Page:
Deliciousness in Quebec

The food on our recent trip to Quebec City was a bit unexpected. I had read that Quebec City had become a “foodie” destination, but I wasn’t quite clear why. If you research a trip to the Napa Valley, for instance, you can practically download a brochure on exactly how to become a proper “foodie” — where to go, what to eat, and the appropriately pretentious words to use. In Quebec City, I just started eating and hoped for the best.

For our first dinner, we popped into a cozy-looking spot on a cold night. I was a bit taken aback when we stepped inside. There were snow shoes hanging from the ceiling, wooden beams, and the sense that a hunter might walk in with his still-bleeding trophy head at any time. Yet, there was French refinement, attitude, and language added to the entire endeavor. I would call the ambience French/Alaskan. (Yes, I understand a Canadian would call it “French Canadian,” but I had just been to Alaska, and this is how my brain interpreted things.)

Image of Poutine


We had our first taste of Poutine that night. I can safely say that we will never be the same. I posted a picture of Poutine for my friends. There were two reactions — rapturous joy for anyone who has ever tasted it, and repulsion from those who had never seen it before. As a well-traveled, adventurous friend noted, “That looks appalling.” What is this Poutine, you ask? French fries covered in gravy derived from some type of hardy animal stock and cheese curds ( the squeaky kind). Some options allow for additional ingredients such as meat, mushrooms and other bits. It is all combines into deliciousness that, by all rights, should send you directly to a hospital emergency room immediately upon completion. Needless to say, we ate Poutine every day.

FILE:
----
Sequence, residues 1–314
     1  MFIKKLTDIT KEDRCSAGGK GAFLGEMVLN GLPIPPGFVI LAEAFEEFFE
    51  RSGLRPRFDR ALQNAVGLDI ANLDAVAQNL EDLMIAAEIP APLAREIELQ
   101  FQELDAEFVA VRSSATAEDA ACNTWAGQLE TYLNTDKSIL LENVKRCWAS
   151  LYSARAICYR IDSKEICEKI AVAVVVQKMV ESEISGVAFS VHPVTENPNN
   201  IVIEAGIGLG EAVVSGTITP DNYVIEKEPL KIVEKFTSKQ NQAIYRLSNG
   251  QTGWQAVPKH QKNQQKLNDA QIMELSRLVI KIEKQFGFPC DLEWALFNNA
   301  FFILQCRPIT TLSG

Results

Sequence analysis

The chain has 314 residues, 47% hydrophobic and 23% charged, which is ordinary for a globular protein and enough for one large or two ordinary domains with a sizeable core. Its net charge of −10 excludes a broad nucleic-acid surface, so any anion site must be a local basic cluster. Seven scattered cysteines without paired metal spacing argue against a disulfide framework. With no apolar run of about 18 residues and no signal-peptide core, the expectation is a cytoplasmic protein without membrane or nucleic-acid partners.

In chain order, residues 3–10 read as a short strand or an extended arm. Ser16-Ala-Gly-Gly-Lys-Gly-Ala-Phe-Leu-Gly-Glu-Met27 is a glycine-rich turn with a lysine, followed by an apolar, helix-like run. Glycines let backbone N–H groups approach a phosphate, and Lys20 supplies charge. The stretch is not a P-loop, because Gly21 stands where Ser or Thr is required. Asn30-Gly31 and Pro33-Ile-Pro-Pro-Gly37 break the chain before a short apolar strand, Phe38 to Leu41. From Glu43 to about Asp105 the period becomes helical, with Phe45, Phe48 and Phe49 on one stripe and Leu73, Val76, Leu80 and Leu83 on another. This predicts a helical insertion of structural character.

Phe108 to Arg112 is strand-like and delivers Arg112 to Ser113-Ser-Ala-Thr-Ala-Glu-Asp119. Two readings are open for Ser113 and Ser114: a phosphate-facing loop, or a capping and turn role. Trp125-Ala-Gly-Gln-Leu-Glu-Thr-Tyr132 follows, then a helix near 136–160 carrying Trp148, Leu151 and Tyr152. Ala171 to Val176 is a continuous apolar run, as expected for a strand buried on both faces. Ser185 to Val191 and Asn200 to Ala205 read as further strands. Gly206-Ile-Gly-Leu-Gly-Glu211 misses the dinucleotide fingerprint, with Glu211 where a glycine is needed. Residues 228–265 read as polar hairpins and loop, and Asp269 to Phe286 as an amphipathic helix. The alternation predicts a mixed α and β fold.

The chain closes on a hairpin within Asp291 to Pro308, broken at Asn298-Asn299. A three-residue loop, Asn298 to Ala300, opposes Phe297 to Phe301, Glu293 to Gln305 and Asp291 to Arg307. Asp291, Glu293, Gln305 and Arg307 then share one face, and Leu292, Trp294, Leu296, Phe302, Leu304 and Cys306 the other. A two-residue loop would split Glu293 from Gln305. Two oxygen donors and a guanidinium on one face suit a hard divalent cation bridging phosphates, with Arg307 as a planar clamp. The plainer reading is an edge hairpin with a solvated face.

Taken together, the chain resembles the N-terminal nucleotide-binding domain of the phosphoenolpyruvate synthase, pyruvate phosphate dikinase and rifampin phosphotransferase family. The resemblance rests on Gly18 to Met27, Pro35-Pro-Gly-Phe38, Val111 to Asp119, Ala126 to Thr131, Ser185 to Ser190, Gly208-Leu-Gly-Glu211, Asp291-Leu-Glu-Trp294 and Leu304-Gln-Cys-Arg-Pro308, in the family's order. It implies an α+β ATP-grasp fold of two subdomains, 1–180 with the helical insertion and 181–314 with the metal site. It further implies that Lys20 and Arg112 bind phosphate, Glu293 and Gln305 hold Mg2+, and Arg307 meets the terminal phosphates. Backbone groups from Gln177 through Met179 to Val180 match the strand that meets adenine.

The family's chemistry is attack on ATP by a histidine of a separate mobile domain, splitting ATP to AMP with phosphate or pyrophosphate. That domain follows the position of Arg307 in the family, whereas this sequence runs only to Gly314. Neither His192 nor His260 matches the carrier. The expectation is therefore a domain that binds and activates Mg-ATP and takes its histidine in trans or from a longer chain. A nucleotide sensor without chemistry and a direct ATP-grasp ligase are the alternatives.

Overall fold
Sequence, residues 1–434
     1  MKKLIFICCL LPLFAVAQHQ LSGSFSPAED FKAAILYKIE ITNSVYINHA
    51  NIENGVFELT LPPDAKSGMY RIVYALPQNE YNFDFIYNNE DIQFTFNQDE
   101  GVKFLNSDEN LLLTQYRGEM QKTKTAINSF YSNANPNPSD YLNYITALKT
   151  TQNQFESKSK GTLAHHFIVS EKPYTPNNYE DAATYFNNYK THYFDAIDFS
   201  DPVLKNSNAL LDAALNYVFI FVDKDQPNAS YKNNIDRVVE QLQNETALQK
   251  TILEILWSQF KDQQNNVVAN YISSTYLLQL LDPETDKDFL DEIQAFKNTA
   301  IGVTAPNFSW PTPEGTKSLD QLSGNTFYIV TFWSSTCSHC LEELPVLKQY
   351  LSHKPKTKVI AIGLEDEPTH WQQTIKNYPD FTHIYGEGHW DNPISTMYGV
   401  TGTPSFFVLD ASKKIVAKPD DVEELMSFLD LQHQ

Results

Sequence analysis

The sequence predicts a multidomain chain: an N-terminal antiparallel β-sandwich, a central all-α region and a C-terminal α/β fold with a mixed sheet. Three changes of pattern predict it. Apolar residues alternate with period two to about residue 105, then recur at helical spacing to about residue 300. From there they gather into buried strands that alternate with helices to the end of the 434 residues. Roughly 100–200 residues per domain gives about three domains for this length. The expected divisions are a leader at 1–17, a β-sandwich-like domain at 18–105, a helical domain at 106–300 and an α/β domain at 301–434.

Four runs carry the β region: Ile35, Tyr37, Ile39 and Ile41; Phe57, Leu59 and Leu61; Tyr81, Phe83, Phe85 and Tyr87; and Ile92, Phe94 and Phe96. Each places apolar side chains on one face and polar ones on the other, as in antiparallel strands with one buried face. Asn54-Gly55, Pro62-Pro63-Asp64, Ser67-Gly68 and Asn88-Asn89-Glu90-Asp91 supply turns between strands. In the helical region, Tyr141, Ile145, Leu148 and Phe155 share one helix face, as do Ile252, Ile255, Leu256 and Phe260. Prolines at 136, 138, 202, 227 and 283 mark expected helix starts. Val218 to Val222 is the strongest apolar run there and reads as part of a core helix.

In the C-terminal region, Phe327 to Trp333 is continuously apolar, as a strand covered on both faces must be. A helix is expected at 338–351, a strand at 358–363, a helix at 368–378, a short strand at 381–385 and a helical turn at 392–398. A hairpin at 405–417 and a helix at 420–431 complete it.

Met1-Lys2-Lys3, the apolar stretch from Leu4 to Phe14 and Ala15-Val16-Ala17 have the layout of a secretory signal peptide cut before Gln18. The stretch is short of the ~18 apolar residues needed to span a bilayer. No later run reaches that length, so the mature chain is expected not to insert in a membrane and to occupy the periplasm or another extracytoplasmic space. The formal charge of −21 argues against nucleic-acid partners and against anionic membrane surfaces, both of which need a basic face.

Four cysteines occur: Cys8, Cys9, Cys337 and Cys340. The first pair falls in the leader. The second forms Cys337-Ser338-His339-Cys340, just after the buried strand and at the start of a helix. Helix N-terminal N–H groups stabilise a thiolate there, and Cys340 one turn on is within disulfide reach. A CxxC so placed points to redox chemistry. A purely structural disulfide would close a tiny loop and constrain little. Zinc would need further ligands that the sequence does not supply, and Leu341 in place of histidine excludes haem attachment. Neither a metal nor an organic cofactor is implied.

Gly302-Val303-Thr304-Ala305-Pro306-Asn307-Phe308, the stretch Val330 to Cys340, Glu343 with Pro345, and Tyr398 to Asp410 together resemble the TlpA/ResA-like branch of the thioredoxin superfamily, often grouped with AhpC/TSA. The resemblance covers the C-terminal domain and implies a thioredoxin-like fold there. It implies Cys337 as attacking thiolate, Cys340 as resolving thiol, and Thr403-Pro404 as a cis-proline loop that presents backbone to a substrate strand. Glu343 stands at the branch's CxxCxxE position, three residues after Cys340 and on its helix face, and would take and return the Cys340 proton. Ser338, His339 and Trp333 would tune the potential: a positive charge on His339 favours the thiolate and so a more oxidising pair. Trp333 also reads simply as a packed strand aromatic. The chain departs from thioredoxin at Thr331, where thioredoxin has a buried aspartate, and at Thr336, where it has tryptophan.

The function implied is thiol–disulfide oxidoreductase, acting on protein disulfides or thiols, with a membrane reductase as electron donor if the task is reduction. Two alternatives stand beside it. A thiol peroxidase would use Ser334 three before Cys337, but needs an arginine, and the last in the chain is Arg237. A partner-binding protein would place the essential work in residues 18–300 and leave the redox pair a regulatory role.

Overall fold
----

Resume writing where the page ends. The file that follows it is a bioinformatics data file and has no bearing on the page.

This was the first trip where I experienced “heavy” gourmet food. We ate meat perfectly cooked and seasoned, which appeared on our plates as hunks on large bones. Restaurants serve hearty stews and soups, such as Canadian split-pea, which I had never tasted, but loved. They offer meats such as bison and caribou, and the portions are not dainty. Maple syrup appears throughout the menu.  You can enjoy maple sauces, maple salad dressings, and desserts, such as maple syrup pie, maple syrup chocolates, and maple syrup bread pudding. In other words, this is food made to be eaten and appreciated in a cold climate. Seriously, in California, they simply don’t make this kind of food. Presumably, we don’t need the extra energy to survive the winter.

Image of ham on a bone over Poutine

Ham on a bone over poutine

The delights extend to alcohol. I tasted iced wine and iced sparkling cider for the first time. These are refreshing and light beverages, and they are made from frozen grapes and frozen apples, respectively, during January. To say that I am heart-broken that my local wine bar does not sell iced sparkling cider is an understatement.

The people of Quebec presented these food and drink items with little pretense or fanfare. My interpretation was that a visitor should have the good manners to quietly appreciate the outrageous quality of the food and drink in Quebec City, and then mourn the loss of it when they return home.  Preferably from a treadmill.